USA Today headline:
178 health care workers suspended from Houston Methodist hospital system for refusing COVID-19 vaccination
Wall Street Journal headline:
Texas hospital system can require employees to get Covid-19 vaccine, judge rules … federal judge upheld Houston Methodist’s vaccine requirement and said lawsuit’s legal assertions lacked merit
Houston Chronicle headline:
153 Houston Methodist workers fired, resigned over COVID vaccine dispute
Texas Tribune headline:
Gov. Greg Abbott signs bill to punish businesses requiring customers have proof of COVID vaccination … Abbott’s signature means businesses that require so-called vaccine passports can’t get state contracts and could lose state licenses or operating permits
National Law Review headline:
Businesses have had lots of questions about coronavirus vaccines and the workplace.
The EEOC’s recently released guidelines answer one question – can an employer demand employees get vaccinated?
“The EEOC says federal law allows an employer to demand employees are vaccinated and require proof as long as it’s kept confidential,” said Will Griffis, McCleskey Law Firm attorney who specializes in labor and employment law.
Employers can also offer workers certain incentives to get the vaccine, said Griffis.
If employees cannot comply due to matters such as a disability, religious belief or pregnancy, reasonable accommodation should be made unless they impose an undue burden on the employer. Reasonable accommodations can include:
- Wearing a mask.
- Social distancing.
- Modified shift.
- Working remotely.
- Accepting reassignment.
Employers must consider if employees are having a hard time finding a vaccine, but that hasn’t been a problem generally in the Lubbock area.
But there are other questions for business owners:
- What does an employer do when employees who’ve been vaccinated want to force their non-vaccinated colleagues to get the shots?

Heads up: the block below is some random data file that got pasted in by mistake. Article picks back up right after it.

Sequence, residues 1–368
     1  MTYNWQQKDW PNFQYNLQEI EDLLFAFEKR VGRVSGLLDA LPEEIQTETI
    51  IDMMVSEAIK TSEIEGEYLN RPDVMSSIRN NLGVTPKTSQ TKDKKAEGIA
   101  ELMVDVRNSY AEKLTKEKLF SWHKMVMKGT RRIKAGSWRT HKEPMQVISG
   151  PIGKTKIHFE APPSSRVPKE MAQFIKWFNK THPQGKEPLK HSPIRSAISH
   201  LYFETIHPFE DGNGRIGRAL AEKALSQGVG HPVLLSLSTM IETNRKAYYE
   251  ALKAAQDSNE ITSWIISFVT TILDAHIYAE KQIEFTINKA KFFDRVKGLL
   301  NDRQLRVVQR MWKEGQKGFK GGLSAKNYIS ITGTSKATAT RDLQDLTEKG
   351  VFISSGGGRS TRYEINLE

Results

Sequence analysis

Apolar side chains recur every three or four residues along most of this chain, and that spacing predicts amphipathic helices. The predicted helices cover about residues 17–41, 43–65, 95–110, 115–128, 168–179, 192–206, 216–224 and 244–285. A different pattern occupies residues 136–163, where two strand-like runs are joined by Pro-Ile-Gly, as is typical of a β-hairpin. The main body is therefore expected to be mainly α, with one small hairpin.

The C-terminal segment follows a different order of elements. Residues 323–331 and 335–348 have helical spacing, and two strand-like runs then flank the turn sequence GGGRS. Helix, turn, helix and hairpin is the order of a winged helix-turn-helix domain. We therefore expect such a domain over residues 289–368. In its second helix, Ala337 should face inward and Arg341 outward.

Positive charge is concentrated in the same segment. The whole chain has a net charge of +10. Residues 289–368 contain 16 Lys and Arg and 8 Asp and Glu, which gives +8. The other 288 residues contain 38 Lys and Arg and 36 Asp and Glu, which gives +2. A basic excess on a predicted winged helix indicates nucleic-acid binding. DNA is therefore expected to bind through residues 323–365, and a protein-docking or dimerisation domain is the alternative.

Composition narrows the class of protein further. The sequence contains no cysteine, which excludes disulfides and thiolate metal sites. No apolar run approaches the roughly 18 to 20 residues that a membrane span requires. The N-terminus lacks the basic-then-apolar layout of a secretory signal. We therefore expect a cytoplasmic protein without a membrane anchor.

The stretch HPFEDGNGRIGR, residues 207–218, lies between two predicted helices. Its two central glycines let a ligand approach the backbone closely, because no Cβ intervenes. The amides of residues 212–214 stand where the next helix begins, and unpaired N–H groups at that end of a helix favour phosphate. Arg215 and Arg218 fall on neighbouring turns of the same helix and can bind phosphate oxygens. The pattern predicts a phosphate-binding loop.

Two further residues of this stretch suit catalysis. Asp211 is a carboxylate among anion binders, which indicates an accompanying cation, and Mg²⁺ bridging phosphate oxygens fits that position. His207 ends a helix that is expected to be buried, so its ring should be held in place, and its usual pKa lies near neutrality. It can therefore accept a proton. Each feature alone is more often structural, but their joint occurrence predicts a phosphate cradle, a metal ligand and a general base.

- How much can an employer ask an employee about his or her vaccination?
- Can an employer ask a job candidate if they’ve been vaccinated?
- What about employees who want to work from home?
McCleskey’s Amanda Sparks Coburn – who also specializes in labor and employment law – said since the federal judge’s ruling, most other questions probably fall along the lines of normal human resources processes.
“We’re never going to tell one of our business owners that they can or cannot do something. But we’ll always point out the potential ramifications of the policy they are contemplating,” said Coburn.
Many workers did their jobs from home during the height of the pandemic, but what does an owner do if an employee still wants to work from home because they don’t feel safe?
“In Texas, employees don’t get to dictate where they can work,” said Coburn. “You’re not entitled to work from where you want to work. Texas is an at-will employment state, meaning that both the employer and the employee have the right to terminate the employment at any time with or without reason. In an at-will employment state, both parties are entitled to find a better fit at any time. If an employee really wants to work from home, they need to find a job where the employer allows it.”
McCleskey attorneys want to make it clear this is a snapshot of where the business/vaccination issue is as of June 24. It’s an evolving legal matter and is subject to change as the policies and situations make their way through our country’s appellate court system.